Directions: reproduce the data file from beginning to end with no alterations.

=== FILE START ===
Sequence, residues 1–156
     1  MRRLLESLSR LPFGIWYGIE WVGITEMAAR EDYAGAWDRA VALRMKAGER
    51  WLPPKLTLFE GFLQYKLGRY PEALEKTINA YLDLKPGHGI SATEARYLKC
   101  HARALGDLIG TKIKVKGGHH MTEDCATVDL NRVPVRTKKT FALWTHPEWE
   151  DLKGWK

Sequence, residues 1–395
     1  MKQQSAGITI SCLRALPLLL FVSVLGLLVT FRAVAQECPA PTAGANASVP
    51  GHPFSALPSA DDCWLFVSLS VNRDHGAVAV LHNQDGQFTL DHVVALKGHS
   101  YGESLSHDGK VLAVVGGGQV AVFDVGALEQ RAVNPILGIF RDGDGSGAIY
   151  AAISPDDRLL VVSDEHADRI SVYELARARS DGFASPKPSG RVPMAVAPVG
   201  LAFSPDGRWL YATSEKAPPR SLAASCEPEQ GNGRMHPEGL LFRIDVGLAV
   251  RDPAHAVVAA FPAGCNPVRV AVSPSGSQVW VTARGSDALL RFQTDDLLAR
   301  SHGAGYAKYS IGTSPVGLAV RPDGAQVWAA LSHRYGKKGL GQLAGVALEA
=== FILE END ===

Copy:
Sequence, residues 1–156
     1  MRRLLESLSR LPFGIWYGIE WVGITEMAAR EDYAGAWDRA VALRMKAGER
    51  WLPPKLTLFE GFLQYKLGRY PEALEKTINA YLDLKPGHGI SATEARYLKC
   101  HARALGDLIG TKIKVKGGHH MTEDCATVDL NRVPVRTKKT FALWTHPEWE
   151  DLKGWK

Sequence, residues 1–395
     1  MKQQSAGITI SCLRALPLLL FVSVLGLLVT FRAVAQECPA PTAGANASVP
    51  GHPFSALPSA DDCWLFVSLS VNRDHGAVAV LHNQDGQFTL DHVVALKGHS
   101  YGESLSHDGK VLAVVGGGQV AVFDVGALEQ RAVNPILGIF RDGDGSGAIY
   151  AAISPDDRLL VVSDEHADRI SVYELARARS DGFASPKPSG RVPMAVAPVG
   201  LAFSPDGRWL YATSEKAPPR SLAASCEPEQ GNGRMHPEGL LFRIDVGLAV
   251  RDPAHAVVAA FPAGCNPVRV AVSPSGSQVW VTARGSDALL RFQTDDLLAR
   301  SHGAGYAKYS IGTSPVGLAV RPDGAQVWAA LSHRYGKKGL GQLAGVALEA